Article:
In this guide, we’ll define workflow management, demonstrate how to implement a workflow management system in your organization, and review the benefits of integrating, streamlining, and, in some cases, automating your processes.
Table of contents
- What is workflow management?
- Workflow management software and tools
- How to implement a workflow management system
- Benefits of workflow management
What is workflow management?
Workflow management is the organization and management of a series of steps and processes designed to produce a desired outcome or set of outcomes.
Workflow management aims to enhance the efficiency of a process, shorten the time to execute the steps, reduce error, and, in many cases, allow for automation in the long term. Most often, a workflow is implemented on a set of repeatable steps of a process.
To understand workflow management, it is essential to define what a workflow is.
Oxford dictionary defines workflow as “the sequence of industrial, administrative, or other processes through which a piece of work passes from initiation to completion.”
In simple terms, a workflow is a set of (often repeatable) steps carried out in pursuit of a particular outcome.
Workflow management software and tools
Any software that helps to manage a workflow — i.e., a part or the entirety of a repetitive process — can be considered a workflow management tool.
Companies use workflow management tools to help them manage tasks and processes related to business functions such as:
- Finance — For example, using tools like Asana and Smarsheet to help streamline financial processes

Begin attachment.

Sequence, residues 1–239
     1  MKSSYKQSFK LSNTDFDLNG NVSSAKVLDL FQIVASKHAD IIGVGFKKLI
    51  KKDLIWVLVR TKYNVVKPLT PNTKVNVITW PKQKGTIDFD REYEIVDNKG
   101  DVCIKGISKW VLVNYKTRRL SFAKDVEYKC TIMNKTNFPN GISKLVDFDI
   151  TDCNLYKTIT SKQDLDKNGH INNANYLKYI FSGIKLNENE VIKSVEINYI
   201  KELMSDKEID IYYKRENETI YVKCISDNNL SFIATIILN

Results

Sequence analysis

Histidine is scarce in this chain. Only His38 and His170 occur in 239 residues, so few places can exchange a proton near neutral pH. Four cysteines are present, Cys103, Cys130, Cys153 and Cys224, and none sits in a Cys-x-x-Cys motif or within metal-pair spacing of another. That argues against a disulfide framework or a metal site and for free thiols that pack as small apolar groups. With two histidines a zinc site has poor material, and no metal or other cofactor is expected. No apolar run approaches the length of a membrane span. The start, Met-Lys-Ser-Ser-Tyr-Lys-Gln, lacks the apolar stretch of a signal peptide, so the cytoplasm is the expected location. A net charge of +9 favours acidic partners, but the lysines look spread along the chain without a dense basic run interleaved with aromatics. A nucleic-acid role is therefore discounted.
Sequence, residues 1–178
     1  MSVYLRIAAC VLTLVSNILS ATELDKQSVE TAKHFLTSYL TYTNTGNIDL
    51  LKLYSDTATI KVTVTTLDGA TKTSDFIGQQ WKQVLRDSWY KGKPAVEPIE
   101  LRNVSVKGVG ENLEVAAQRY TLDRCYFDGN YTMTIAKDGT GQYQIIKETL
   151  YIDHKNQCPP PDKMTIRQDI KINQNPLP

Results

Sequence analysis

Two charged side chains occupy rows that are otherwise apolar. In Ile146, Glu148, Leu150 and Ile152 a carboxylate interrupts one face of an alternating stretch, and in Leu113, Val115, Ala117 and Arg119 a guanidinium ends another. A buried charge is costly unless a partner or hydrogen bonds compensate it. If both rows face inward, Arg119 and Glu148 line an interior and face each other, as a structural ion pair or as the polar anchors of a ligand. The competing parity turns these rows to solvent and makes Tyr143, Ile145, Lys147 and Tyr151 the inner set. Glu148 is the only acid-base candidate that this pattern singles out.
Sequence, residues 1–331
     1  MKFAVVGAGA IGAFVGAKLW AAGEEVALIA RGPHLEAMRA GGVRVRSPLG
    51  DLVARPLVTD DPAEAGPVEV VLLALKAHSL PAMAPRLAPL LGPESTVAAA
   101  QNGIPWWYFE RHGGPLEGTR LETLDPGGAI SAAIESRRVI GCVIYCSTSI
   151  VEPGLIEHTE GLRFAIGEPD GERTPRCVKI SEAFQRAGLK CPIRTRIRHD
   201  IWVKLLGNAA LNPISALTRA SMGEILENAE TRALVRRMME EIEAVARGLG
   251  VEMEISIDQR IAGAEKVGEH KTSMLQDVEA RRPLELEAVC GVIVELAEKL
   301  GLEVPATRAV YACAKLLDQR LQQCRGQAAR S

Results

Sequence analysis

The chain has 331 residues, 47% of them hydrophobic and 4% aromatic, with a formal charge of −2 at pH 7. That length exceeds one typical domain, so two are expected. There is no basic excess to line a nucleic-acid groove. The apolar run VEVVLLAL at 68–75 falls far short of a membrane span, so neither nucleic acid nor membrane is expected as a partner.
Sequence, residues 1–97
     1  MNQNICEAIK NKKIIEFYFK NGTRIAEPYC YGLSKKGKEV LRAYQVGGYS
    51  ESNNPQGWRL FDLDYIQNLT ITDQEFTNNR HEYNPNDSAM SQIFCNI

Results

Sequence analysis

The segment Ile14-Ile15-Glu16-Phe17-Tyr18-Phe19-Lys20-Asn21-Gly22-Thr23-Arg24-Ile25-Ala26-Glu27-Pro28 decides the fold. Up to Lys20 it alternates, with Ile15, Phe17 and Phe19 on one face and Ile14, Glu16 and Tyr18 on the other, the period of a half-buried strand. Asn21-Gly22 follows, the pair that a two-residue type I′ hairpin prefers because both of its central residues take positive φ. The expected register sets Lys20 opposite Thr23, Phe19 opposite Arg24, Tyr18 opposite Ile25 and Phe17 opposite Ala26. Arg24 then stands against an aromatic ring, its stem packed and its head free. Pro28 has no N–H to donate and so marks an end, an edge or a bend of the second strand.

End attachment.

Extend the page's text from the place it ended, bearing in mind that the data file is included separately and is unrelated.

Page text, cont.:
- Operations — For example, using software like Cflow to route tasks to the appropriate business unit, track them, and ensure completion
- Expense management — Software like Appzen enables teams to upload, track, and submit expenditures
- Human resources/people management — BambooHR and similar software helps HR teams streamline or automate processes such as performance reviews, recruiting, onboarding, and training
- Project management — Workflow tools like Asana and Monday.com help you organize projects and tasks and manage that work accordingly
What does successful workflow management look like?
For a successful workflow management, there are some important factors you should consider at the time of design and implementation of the solution. Your workflow should:
- Be built with the end user in mind
- Improve productivity
- Be simple and clear in its design
- Facilitate timely and efficient flow of information
- Lend itself to automation
Built with the end user in mind
Your workflow should be designed to solve your end users’ pain points, whether you’re serving internal users (e.g., business process users) or external customers. The workflow should clearly identify processes and tasks that can be streamlined and be designed accordingly.
The workflow should be measurable, meaning you should be able to monitor productivity improvements by tracking metrics and KPIs.
For example, the workflow for a banking process should have associated KPIs to measure the number of banking transactions, such as money deposits, etc.
Simple and clear
The workflow should be simple and include clear steps that are easy for the end user to understand. This seems like a given, but it’s easy to make your workflow convoluted if you don’t view it from the end user’s perspective.
Facilitate timely and efficient flow of information
The workflow should provide the right information at the right time. It should be designed to minimize the complexity of the process for requesting and delivering information.
Lend itself to automation
The workflow can be completely or partially automated, but it should at least be designed and set up in a manner that some or all of the workflow can be automated as required. This is keeping with the industry trend as most industries prepare to embrace automation in the near future.
How to implement a workflow management system
To implement a workflow management system in your organization, follow these steps:
- Identify processes/steps to include in the workflow
- Map your process to a similar use case
- Consider budget and time
- Prioritize steps